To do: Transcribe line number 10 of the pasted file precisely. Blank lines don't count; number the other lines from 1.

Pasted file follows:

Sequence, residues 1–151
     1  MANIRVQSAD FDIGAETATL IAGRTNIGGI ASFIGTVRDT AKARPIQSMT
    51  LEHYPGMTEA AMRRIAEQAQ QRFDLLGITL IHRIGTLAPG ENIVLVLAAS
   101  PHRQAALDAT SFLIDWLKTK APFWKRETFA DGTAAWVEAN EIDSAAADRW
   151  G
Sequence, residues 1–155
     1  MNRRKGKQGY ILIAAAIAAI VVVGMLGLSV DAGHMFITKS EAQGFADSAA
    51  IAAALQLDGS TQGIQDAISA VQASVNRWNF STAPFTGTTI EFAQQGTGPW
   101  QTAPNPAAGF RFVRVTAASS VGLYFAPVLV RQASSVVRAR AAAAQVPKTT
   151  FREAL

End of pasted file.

   151  FREAL